Heavy oils and bitumens may be considered to be composed of chemical constitutive molecules belonging to two distinct categories, namely, the malthenes (soluble in 40 volumes of n-pentane) and the asphaltenes (soluble in toluene but insoluble in n-pentane).
The spatial organization of malthenes and asphaltenes leads to the macrostructural and microstructural properties of which viscosity is of paramount importance for production, transportation and processing considerations. Such spatial organization causes an increase in viscosity with an increase in asphaltene concentration. Hence the high viscosity of Athabasca bitumen is, at least. partly due to its high asphaltene content (>15 wt.%). Experimental results suggest that viscosity depends not only on asphaltene concentration but also on the molecular weight of the asphaltenes. For example, higher molecular weight asphaltene units have greater tendencies to form aggregates of larger sizes, and therefore, provide greater resistance to flow. The process of aggregate formation is a complex one and is not well understood. However, this process can be reversed by breaking up the aggregates with the application of energy in the form of high shear or heat. We have examined the effect of ultrasonic energy on the viscosity of Athabasca bitumen and its mixtures with other solvents and solutions via break up of asphaltene aggregates. In this paper, we report the results of our experimental work.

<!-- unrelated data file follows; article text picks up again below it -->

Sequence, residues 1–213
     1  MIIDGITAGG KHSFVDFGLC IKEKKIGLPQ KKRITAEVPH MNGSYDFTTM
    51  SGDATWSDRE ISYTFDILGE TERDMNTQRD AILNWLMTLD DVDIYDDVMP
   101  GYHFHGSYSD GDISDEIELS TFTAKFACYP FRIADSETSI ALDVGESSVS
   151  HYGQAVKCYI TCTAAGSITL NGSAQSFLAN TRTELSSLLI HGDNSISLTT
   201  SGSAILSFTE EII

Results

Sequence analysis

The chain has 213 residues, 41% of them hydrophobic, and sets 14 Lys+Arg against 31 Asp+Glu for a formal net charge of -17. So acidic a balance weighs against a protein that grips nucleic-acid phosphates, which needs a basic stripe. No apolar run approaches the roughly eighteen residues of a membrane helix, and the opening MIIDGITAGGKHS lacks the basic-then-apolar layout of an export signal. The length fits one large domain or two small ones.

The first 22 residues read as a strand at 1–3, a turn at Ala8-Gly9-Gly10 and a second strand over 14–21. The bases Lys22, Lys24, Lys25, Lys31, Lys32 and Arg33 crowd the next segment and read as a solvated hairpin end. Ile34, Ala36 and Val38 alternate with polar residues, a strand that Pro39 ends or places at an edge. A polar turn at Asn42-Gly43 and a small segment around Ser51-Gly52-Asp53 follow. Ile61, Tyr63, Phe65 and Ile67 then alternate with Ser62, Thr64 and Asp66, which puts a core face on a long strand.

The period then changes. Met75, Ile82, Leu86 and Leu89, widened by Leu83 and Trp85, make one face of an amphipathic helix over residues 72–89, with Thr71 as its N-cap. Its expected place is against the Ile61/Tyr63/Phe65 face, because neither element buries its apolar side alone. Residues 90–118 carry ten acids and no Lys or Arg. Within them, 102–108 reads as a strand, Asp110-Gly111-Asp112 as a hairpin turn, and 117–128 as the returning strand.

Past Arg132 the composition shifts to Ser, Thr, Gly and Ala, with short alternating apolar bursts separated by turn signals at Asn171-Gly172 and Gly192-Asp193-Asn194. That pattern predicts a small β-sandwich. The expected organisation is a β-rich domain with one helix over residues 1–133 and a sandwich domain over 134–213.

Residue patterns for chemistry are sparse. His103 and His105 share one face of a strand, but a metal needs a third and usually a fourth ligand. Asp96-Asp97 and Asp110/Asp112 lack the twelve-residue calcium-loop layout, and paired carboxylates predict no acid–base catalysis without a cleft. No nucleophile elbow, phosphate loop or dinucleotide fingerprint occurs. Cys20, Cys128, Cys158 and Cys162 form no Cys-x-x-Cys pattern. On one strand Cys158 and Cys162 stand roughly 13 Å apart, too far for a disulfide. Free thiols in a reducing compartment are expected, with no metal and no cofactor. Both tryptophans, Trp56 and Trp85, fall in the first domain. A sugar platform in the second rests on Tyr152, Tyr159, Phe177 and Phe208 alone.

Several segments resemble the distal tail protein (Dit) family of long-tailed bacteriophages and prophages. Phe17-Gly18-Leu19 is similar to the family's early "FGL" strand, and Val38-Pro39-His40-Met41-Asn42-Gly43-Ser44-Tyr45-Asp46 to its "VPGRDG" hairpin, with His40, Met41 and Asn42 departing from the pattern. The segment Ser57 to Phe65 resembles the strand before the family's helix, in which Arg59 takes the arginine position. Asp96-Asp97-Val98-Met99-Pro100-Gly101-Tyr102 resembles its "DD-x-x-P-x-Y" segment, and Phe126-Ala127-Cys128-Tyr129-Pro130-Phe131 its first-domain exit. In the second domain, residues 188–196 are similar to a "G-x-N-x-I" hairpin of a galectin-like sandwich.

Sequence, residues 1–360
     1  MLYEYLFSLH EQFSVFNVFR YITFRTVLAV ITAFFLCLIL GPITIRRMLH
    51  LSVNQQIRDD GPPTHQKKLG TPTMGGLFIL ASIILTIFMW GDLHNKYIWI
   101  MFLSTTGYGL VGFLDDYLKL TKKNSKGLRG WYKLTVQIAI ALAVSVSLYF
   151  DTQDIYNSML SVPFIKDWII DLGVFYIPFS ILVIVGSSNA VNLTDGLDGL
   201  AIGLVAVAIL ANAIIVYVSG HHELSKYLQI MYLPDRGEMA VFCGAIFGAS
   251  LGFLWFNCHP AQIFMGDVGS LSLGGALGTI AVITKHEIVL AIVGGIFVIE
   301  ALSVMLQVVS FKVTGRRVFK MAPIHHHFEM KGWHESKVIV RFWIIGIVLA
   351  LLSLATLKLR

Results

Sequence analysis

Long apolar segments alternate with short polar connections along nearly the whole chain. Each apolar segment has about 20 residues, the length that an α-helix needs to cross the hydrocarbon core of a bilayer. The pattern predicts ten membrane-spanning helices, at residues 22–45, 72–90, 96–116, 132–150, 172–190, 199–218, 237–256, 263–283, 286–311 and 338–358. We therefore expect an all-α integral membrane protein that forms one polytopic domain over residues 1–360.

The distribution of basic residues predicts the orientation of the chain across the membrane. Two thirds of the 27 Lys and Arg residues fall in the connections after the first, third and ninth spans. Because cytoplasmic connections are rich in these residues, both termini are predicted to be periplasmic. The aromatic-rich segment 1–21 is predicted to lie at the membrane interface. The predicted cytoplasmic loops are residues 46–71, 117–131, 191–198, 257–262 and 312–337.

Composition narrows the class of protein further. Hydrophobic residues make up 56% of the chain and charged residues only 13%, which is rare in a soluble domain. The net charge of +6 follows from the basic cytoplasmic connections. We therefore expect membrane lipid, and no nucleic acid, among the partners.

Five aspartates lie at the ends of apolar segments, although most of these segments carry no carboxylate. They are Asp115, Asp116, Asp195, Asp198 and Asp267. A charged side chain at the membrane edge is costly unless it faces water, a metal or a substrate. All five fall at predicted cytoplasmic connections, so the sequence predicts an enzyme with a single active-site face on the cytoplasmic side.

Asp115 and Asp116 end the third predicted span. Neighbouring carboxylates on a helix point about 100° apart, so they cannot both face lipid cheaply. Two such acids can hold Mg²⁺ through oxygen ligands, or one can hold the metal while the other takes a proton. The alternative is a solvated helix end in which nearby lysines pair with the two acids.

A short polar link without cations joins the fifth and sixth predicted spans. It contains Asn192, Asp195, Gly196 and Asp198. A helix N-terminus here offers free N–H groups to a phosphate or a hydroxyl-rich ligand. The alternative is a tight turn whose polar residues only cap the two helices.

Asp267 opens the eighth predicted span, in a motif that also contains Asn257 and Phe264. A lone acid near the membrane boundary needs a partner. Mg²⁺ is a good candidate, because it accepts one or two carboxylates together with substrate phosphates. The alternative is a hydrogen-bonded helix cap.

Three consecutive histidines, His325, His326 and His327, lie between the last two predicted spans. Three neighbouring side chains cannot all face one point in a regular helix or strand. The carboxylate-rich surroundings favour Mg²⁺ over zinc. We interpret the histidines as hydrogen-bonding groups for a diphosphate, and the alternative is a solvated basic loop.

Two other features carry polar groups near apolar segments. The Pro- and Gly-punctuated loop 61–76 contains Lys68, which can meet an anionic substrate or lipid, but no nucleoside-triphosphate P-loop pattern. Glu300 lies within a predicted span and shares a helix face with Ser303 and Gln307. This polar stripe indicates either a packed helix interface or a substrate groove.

|Number of pages||4|
|Journal||Journal of Canadian Petroleum Technology|
|Publication status||Published - May 1993|